BACKGROUND: Previous studies have shown an association between prematurity and attention-deficit/hyperactivity disorder (ADHD). Results concerning late preterm infants are controversial, and studies examining fetal growth represented by weight for gestational age are scarce. Our objective was to examine the association between gestational age by each week of fetal maturity, weight for gestational age, and ADHD.
METHODS: In this population-based study, 10 321 patients with ADHD, diagnosed according to the International Classification of Diseases and 38 355 controls individually matched for gender, date and place of birth, were identified from Finnish nationwide registers. Perinatal data were obtained from the Finnish Medical Birth Register. Conditional logistic regression was used to examine the association between gestational age, weight for gestational age, and ADHD after controlling for confounding factors.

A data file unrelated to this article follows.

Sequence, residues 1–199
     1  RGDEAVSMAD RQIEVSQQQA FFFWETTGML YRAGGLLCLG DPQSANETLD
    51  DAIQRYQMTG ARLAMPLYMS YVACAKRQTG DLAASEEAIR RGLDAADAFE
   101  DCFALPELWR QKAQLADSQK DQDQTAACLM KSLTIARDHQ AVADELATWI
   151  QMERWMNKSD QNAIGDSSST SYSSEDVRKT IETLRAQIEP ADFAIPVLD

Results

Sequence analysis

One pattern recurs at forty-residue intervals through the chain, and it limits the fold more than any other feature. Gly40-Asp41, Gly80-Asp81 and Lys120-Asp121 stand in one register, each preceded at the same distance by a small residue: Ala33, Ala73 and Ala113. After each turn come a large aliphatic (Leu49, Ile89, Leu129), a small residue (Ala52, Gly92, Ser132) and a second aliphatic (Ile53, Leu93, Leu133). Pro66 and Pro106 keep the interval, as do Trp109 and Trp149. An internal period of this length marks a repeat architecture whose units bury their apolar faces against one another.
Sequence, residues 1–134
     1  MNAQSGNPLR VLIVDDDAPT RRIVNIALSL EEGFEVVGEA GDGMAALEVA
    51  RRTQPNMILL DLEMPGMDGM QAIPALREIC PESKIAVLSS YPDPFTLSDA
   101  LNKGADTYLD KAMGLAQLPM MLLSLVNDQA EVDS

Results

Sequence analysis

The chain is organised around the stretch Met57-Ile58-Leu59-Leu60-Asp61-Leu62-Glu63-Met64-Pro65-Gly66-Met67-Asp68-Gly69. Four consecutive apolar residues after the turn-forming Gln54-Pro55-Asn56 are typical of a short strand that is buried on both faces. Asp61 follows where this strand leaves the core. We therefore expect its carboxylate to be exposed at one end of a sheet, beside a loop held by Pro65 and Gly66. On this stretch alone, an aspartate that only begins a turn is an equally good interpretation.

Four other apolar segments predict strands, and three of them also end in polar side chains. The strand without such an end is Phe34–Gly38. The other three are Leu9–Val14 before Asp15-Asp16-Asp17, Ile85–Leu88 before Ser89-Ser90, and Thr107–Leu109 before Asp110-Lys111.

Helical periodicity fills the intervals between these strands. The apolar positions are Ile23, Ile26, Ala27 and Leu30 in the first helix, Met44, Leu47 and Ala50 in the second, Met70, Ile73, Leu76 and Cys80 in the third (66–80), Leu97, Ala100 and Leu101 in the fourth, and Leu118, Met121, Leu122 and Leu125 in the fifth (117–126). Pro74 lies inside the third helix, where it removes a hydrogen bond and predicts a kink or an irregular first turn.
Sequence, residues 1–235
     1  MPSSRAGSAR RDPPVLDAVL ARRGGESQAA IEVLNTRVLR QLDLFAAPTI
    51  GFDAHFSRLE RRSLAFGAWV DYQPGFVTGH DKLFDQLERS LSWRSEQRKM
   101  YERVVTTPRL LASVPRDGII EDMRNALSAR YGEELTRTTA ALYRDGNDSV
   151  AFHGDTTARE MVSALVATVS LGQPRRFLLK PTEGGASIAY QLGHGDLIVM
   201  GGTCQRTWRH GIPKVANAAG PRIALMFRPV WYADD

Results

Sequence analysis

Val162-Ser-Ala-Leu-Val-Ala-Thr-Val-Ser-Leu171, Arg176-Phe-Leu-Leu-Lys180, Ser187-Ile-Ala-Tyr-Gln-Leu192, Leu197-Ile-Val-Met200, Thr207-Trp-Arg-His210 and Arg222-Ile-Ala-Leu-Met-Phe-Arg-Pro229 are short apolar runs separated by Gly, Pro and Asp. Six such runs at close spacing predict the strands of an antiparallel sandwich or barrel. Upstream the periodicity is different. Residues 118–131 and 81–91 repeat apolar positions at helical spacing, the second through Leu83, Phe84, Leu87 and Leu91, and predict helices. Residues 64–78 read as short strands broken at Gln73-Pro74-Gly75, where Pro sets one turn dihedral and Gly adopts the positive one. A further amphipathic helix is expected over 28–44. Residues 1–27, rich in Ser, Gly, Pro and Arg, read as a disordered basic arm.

RESULTS: The risk of ADHD increased by each declining week of gestation. The associations were robust after adjusting for confounders. An elevated risk also was seen among late preterm and early term infants. As for fetal growth, the odds ratio showed a U-shaped curve with an increased risk seen when the weight for gestational age was 1 SD below and 2 SD above the mean.
CONCLUSIONS: Our findings suggest that each gestational week has significance for child’s subsequent neurodevelopment and risk for ADHD. We also showed that poor fetal growth increased the risk of ADHD. This highlights the importance of taking into account both prematurity and poor fetal growth when planning the timing of birth as well as later follow-up and support policies.
- Accepted June 2, 2015.
- Copyright © 2015 by the American Academy of Pediatrics